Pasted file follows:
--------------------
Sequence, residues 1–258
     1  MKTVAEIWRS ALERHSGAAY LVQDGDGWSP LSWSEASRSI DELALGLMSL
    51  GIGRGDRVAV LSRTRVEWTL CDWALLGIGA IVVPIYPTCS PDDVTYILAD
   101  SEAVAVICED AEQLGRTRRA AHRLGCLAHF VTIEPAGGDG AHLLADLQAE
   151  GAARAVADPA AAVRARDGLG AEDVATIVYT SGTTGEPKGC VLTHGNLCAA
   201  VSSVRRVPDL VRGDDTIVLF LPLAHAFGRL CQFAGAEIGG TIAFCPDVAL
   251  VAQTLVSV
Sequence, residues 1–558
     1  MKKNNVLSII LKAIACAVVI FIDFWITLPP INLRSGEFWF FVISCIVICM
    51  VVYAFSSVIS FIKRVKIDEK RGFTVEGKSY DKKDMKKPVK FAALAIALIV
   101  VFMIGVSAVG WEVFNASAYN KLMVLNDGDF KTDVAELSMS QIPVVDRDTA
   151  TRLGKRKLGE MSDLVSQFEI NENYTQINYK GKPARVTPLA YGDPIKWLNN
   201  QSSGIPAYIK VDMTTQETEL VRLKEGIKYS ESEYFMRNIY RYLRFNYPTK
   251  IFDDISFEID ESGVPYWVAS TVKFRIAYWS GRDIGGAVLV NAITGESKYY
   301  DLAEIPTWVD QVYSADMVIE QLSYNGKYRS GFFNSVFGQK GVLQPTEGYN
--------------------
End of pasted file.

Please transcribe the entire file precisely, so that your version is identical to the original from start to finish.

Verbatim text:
Sequence, residues 1–258
     1  MKTVAEIWRS ALERHSGAAY LVQDGDGWSP LSWSEASRSI DELALGLMSL
    51  GIGRGDRVAV LSRTRVEWTL CDWALLGIGA IVVPIYPTCS PDDVTYILAD
   101  SEAVAVICED AEQLGRTRRA AHRLGCLAHF VTIEPAGGDG AHLLADLQAE
   151  GAARAVADPA AAVRARDGLG AEDVATIVYT SGTTGEPKGC VLTHGNLCAA
   201  VSSVRRVPDL VRGDDTIVLF LPLAHAFGRL CQFAGAEIGG TIAFCPDVAL
   251  VAQTLVSV
Sequence, residues 1–558
     1  MKKNNVLSII LKAIACAVVI FIDFWITLPP INLRSGEFWF FVISCIVICM
    51  VVYAFSSVIS FIKRVKIDEK RGFTVEGKSY DKKDMKKPVK FAALAIALIV
   101  VFMIGVSAVG WEVFNASAYN KLMVLNDGDF KTDVAELSMS QIPVVDRDTA
   151  TRLGKRKLGE MSDLVSQFEI NENYTQINYK GKPARVTPLA YGDPIKWLNN
   201  QSSGIPAYIK VDMTTQETEL VRLKEGIKYS ESEYFMRNIY RYLRFNYPTK
   251  IFDDISFEID ESGVPYWVAS TVKFRIAYWS GRDIGGAVLV NAITGESKYY
   301  DLAEIPTWVD QVYSADMVIE QLSYNGKYRS GFFNSVFGQK GVLQPTEGYN